Project Haruhi
17Jan/111

First Impressions – Fractale

This is no Ghibli, boy. No Ghibli.

Yamakan, NoitaminA, original story, etc. The buzz surrounding this has been pretty significant, and with good reason. If you've ever wondered what a full anime series made by Hayao Miyazaki would be like (and who hasn't?), you'll get a reasonably good idea after watching Fractale. However, even the grandmaster who created Princess Mononoke had a few duds like Castle in the Sky, and this series unfortunately leans a bit more towards the latter in terms of quality. Even so, it's still quite enjoyable.

Clain is growing up in a world run by the Fractale supercomputer. It provides for everyone's livelihood, regardless of whether they actually work or not, in exchange for "praying to the day star" a few times each day. It also allows everyone to interact with others through holographic avatars known as 'doppels' without leaving their homes. Unlike most people, Clain is quite fond of wandering around and one day he rescues a mysterious girl who is being pursued by a rocket zepplin.

More hikikomori paradise after the break!

What I Liked

He never smiled like that for a hologram.

Setting: I've always had a thing for social thought experiments, and I find this one very compelling. This isn't like Ghost in the Shell or Star Trek, which dealt with societies that, although allegorically linked to our own, were still very alien. As social networking sites and cell phones have become ubiquitous, it's easier than ever to regularly interact with people we rarely (if ever) physically meet. We can filter our associations or even cut ourselves off from them altogether with little to no real consequences. This only started a few years ago, so our society is still learning to accommodate. I'm looking forward to this show fleshing out a world which is not only fully adjusted to this dynamic, but essentially based around it.

Protagonists: While so far these characters aren't wholly original, they are something we don't see often these days. The heroine Phryne is independent, capable, and somehow both mysterious and down-to-earth at the same time. She is cute but never tries to be, which is quite rare. Her understated strength and femininity are very reminiscent of classic Ghibli heroines. The hero Clain is similarly refreshing and much more realistic than most contemporary anime protagonists. Having been raised by his parents through their doppels, he isn't used to human interaction when he first meets Phryne. He'd likely never met a real woman before, but he adapts very quickly. When she walks up to him topless and asks him to help her put medicine on her back, he's understandably flustered and has no idea how to react.  However, he manages to overcome the awkwardness of the situation and help her anyway. I've seen many men in anime be reduced to blushing, blubbering messes by less and refuse to get anything done out of some false sense of modesty. I really appreciate that what could have easily been a huge misstep became an interesting character moment instead.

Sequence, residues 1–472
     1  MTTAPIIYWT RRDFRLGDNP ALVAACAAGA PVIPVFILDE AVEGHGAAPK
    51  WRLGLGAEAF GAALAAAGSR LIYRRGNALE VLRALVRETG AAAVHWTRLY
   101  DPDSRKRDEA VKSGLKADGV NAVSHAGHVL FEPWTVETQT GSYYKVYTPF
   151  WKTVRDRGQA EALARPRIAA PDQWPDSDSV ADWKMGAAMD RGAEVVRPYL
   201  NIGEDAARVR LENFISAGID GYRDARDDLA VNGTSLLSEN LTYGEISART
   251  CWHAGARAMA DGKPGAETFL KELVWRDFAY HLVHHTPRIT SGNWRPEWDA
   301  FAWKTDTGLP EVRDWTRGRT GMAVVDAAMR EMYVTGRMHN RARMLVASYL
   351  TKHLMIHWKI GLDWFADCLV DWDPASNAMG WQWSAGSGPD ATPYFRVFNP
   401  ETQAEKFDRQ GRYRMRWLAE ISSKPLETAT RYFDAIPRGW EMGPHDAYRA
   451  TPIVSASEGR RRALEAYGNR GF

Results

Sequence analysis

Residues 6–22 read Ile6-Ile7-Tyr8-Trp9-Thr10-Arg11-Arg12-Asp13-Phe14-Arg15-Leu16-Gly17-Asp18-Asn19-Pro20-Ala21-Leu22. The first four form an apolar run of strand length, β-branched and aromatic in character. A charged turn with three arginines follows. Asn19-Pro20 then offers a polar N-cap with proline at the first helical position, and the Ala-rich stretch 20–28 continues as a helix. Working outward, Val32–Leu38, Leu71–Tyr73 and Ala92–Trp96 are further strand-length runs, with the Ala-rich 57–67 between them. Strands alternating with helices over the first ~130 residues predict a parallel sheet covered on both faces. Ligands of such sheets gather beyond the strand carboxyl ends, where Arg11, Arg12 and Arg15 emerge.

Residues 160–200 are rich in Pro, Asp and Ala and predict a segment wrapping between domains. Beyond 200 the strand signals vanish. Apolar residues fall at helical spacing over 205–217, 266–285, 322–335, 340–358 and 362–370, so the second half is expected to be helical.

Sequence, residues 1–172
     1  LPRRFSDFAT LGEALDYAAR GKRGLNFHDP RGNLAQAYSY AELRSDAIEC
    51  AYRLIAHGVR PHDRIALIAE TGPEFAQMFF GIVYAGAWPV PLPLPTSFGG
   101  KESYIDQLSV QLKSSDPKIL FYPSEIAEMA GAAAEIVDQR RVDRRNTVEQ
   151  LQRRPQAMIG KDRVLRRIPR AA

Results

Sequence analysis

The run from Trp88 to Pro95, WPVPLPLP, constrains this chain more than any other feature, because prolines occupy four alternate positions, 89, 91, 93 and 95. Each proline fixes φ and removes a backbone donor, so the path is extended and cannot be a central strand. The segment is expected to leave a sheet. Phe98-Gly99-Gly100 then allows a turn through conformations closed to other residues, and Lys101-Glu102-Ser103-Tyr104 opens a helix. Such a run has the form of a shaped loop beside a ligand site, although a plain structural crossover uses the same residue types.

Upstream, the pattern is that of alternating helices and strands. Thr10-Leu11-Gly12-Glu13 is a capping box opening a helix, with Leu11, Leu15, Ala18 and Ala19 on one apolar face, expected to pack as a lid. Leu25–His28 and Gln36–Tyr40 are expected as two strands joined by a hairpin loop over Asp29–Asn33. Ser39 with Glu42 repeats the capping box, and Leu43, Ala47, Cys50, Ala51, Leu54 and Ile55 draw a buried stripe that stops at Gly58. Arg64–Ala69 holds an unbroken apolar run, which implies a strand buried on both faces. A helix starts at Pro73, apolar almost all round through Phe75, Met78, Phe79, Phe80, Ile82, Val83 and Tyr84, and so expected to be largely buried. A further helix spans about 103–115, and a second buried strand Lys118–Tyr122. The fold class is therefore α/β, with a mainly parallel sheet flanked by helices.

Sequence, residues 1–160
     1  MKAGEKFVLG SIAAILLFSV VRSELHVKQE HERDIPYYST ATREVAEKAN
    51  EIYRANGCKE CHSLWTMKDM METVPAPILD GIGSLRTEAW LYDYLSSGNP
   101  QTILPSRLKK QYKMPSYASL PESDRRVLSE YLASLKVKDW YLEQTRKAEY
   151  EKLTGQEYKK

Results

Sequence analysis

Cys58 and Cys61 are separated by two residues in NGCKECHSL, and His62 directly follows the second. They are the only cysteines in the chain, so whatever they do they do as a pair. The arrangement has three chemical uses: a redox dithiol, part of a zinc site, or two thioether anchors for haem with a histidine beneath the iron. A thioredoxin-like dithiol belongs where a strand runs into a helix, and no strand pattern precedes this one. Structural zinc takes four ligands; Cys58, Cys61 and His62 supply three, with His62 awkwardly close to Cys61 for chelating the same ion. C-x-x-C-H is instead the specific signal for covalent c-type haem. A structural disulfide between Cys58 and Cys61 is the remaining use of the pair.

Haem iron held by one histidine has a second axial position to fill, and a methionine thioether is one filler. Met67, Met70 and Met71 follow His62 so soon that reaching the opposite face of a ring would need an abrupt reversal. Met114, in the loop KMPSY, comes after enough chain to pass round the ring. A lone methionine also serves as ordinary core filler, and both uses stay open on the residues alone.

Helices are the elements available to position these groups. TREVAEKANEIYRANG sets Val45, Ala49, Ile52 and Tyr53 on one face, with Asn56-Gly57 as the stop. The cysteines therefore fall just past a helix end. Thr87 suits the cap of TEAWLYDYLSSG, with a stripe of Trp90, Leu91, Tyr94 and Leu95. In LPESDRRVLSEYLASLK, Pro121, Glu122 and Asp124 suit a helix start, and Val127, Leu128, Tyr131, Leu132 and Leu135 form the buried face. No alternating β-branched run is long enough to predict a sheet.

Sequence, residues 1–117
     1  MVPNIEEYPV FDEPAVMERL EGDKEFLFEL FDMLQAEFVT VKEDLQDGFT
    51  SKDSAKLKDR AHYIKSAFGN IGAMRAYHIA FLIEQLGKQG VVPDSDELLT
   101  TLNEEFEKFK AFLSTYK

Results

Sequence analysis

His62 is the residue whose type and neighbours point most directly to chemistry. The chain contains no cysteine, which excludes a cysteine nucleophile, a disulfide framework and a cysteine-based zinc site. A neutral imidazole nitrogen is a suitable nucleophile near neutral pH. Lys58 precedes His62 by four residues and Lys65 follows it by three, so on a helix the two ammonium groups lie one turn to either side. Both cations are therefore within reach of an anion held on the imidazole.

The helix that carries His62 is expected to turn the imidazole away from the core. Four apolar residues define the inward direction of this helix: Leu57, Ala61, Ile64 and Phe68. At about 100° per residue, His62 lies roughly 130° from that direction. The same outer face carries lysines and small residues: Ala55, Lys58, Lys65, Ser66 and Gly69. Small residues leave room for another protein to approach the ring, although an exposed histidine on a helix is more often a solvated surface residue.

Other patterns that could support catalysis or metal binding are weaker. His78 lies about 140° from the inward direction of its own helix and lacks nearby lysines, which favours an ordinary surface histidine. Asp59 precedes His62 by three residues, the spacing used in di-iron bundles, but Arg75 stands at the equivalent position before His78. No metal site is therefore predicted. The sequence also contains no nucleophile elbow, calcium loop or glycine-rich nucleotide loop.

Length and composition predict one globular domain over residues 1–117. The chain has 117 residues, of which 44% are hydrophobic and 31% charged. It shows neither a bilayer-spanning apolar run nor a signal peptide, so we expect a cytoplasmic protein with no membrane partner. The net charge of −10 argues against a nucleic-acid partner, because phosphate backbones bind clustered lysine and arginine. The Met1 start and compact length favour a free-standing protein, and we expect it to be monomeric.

Art and Animation: Yamakan wasn't just taking notes on the characters and storylines when he was watching Miyazaki's movies. The flying machines, the character designs and even the grass looks like it could be cut out and pasted into almost any Ghibli film and not look out of place. It's a simple and timeless style and animated beautifully, so I have no problem with it. If you're going to steal, steal from the best.

What I Hated

As effective as having no antagonists, but wastes more time.

Harmless Villains: There's a fundamental problem in rolling your comic relief into your antagonists' characters. If they're not portrayed as somewhat capable and threatening, there's no perceived danger or tension. Even the behavior of the protagonists cannot remedy this. If the heroes are much more competent than their competition, then there's no struggle and no catharsis. If the bumbling bad guys still manage to cause problems, then it can either come off as forced or just make us hate the people we're supposed to support for being dumber than dumb. I do get the distinct impression that the folks chasing Phryne were intended to be nonthreatening, but even if that's the case, it doesn't bode well for what's to come. Even though this is my only real complaint, it has the potential to ruin the rest of the story if not reigned in properly.

Overall Impressions

It's a little underwhelming after how much of a drama queen Yamakan was being by saying that he'll quit anime if this show doesn't succeed, but I can't really hold that against the show itself. Despite the derivative elements, the execution is very solid and there's enough of an interesting original premise to keep it from feeling like we've been here already. There's a lot of potential here, and I can't wait to see what they do with it. I'm especially looking forward to learning more about the Fractale system's true nature and why it's breaking down. However, if that trio in the machine gun blimp is coming along for the ride, it could get pretty bumpy.

Rating

About Megan

Megan (aka Yuki) enjoys emotional and thought-provoking stories like Haibane Renmei and Simoun. She pretends to know what she’s talking about, but is actually as clueless as the rest of us.

  • Anonymous

    I don’t really see how the harmless villains could be bad. They seems to be taken wholesale from Nida (though similar tall, fat, and one girl trios appeared in other anime.) Just replace the mean evil woman, with an mean evil girl. I mean in that at least eventually they kinda join up with heroes. I think it may be since Nida that we got this dynamic.

    My negative really is that the first episode, like you said, is underwhelming. It didn’t leave too much of in impression on me, not like the other Noitamina show Wondering Son did. I still enjoyed it, I just hope it picks up the pace. 11 episodes doesn’t give time to waste.